The apparatus is located in housing 10, which is adapted to be mounted on a gasoline pump adjacent output shaft 11 of the computer of the pump. The end of output shaft 11, as shown in the drawings, is splined to provide teeth that mesh with gear 12. Usually, output shaft 11 rotates one time for each ten cents worth of liquid dispensed. Therefore, if the apparatus of this invention is to actuate the switch for every twenty-five cents worth of liquid dispensed, the gear ratio between gear 12 and shaft 11 should be two and one-half to one.
Gear 12 is mounted on one end of shaft 13, which extends through the side wall of housing 10. Shaft 13 is supported for rotation by bushing 14, which is threadedly connected in the side wall of housing 10.
Mounted inside housing 10 is switch 15. It has a switch actuating arm or actuator 16. The switch is supported inside housing 10 by L-shaped bracket 17. Positioned adjacent switch 15 is first or cam shaft 20, which is rotatably supported by L-shaped bracket 18 and bushing 21.
Cam means are mounted on shaft 20 for actuating switch 15, when the shaft is rotated in one direction. The cam means includes disc 22 and projection 23 located on the periphery of the disc to engage actuator 16 and actuate the switch with each revolution of disc 22 in the said one direction. Set screw 32 holds cam disc 22 against rotation relative to the shaft.
Cam shaft 20 is positioned with its longitudinal axis in alignment with the longitudinal axis of shaft 13 which we shall refer to henceforth as the second or drive shaft. Both shafts are hollow and elongated guide pin 24 extends into the central opening of both shafts to help hold the shafts in alignment. The outer ends of both first shaft 20 and second shaft 13 are tapped to receive machine screws 25. These screws hold guide rod 24 in position in the central openings of both shafts.
Means are provided for rotating cam shaft 20 in one direction, when output shaft 11 of the computer is being rotated as gasoline is being dispensed, and which releases shaft 20 for rotation in the opposite direction when the gasoline pump is not operating. In the embodiment shown, first clutch means are provided for this purpose. The first clutch means includes discs 30 and 31 mounted on the adjacent ends of shafts 20 and 13, respectively. The adjacent surfaces of discs 30 and 31 have radially extending notches that provide engaging teeth for transmitting torque from one disc to the other, when the two discs are in engagement. Shaft 20 is held against longitudinal movement to the left, as viewed in the drawings, by cam disc 22 and bushing 21. The shaft is held against axial longitudinal movement to the right, as viewed in the drawings, by collar 33, which is tixed on the shaft by set screw 34.
Drive shaft 13, however, is free to move axially through bushing 14. The shaft is urged to the left, as viewed in the drawings, by coil spring 36, which is located between a side wall of the housing and first clutch disc 31. Coil spring 36 then urges clutch disc 31 into engagement with clutch disc 30 on shaft 20. The clutch discs are moved out of engagement by lever 38. This lever is generally Z- shaped and is mounted for pivotal movement around pin 39. It has upper extension 40, which engages gear 12, and lower extension 41, which is engaged by rod 42. Rod 42 is operated by the pump switch, which the customer operates to turn the pump on and off. When the pump is turned off cam rod 42 will move the upper end of lever 38 to the right, moving gear 12 to the right and first clutch disc 31 out of engagement with clutch disc 30. When the pump is turned on to deliver gasoline, rod cam 42 is moved down, allowing lever 38 to pivot to the left as spring 36 moves clutch disc 31 into engagement with clutch disc 30, establishing a torque transmitting connection between the drive shaft and the cam shaft.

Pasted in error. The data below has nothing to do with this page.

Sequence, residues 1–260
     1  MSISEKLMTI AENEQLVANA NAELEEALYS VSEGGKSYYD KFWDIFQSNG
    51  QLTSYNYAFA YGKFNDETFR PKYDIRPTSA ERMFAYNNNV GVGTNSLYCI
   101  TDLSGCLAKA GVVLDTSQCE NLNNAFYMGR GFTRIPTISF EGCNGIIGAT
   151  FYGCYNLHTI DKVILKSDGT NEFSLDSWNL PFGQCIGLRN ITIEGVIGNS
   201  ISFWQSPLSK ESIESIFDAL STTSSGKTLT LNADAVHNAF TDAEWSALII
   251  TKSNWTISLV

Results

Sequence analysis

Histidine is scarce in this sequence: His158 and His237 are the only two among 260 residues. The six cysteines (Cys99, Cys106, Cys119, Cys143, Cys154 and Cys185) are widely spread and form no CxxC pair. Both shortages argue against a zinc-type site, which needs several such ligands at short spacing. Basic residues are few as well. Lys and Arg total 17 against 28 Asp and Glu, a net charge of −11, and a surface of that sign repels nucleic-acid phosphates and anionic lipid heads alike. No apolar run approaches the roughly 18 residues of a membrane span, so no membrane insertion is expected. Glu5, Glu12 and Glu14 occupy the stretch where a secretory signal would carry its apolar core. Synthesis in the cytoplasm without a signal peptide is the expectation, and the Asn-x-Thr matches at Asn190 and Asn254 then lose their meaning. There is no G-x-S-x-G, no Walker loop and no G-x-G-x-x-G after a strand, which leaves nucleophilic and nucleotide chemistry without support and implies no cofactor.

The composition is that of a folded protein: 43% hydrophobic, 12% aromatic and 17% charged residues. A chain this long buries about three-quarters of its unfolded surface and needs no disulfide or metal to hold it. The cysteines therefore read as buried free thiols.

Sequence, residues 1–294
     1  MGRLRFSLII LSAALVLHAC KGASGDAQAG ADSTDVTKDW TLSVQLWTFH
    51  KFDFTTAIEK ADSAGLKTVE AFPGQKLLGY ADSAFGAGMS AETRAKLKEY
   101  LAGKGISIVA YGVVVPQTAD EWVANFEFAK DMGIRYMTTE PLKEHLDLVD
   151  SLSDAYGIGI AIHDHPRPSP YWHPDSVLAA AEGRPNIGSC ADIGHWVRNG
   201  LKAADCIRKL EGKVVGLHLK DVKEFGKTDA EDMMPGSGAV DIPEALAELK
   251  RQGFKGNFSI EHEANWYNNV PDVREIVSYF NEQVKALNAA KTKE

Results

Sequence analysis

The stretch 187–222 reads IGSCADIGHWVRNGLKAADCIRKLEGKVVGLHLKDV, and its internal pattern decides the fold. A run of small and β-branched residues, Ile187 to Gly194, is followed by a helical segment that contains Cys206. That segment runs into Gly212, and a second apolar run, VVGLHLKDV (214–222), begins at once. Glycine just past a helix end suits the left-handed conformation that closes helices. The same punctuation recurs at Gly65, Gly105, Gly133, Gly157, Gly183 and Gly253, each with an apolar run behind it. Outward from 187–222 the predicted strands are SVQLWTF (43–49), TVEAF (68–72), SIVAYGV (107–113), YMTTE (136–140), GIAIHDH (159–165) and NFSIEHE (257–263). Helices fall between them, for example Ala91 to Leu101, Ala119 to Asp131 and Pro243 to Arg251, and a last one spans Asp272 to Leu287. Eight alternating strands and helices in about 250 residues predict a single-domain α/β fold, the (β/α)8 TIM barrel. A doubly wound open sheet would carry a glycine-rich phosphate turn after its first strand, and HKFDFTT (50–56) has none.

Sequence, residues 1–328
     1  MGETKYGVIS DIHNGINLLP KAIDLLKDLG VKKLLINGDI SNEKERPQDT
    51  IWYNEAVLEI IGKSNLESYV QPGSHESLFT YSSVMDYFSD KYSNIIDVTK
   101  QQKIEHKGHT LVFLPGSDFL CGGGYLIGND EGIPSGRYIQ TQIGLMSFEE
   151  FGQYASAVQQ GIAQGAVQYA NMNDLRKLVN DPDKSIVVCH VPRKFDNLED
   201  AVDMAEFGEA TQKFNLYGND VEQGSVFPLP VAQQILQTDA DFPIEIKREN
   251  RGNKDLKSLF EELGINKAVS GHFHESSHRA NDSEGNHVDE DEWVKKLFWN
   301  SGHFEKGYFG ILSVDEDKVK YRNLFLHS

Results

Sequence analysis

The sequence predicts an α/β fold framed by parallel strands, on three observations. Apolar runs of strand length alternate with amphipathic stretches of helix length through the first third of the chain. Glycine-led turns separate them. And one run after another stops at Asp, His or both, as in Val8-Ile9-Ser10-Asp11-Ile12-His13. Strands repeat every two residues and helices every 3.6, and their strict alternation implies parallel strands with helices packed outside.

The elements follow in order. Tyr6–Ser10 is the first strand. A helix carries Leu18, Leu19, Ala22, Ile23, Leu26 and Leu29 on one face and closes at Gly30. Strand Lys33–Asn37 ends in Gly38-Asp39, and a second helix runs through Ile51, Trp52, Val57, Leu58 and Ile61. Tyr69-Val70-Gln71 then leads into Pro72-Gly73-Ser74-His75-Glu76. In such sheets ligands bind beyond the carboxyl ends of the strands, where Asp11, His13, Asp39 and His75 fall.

An alternate arrangement for moving the clutch discs out of engagement is shown in FIGURE 7. Here shaft 70 of the pump reset mechanism provides the power. Lever 71 is pivotally attached at .one end to shaft 70 by a clamp 72. The other end of the lever engages gear 12 (shaft 11 is not shown). Plate 73, which is attached to housing 10, has a notch or opening (not shown) cut in it through which lever 71 extends. The side of the opening or the bottom of the notch, as the case may be, engages the lever and acts as a fulcrum around which the lever pivots to move gear 12 away from the housing to disengage to clutch plates as the reset shaft is rotated counterclockwise. The linkage in the pump and computer usually is arranged to require the computer to be reset, each time the pump switch has been turned off, before the pump can be turned on again.
Means are provided for rotating the cam shaft in a direction opposite to that in which it is rotated to actuate the switch, when the first clutch is engaged, and stop means are provided to limit the amount the shaft can be rotated in said opposite direction to thereby return the cam means to the same position relative to the switch actuator after each operation of the apparatus. In the embodiment shown, a cam reset member comprising disc 44 is located on the cam shaft between cam disc 22 and first clutch plate 30. The disc is free to rotate relative to the cam shaft. On opposite sides of disc 44 are clutch plates 45 and 46. Pressure plate 47 and coil spring 48 are located between clutch plate 45 and cam disc 22. Since the clutch plates, the reset disc, and the pressure plate are free to move axially along the cam shaft, coil spring 48 holds them in engagement with each other and with clutch disc 30.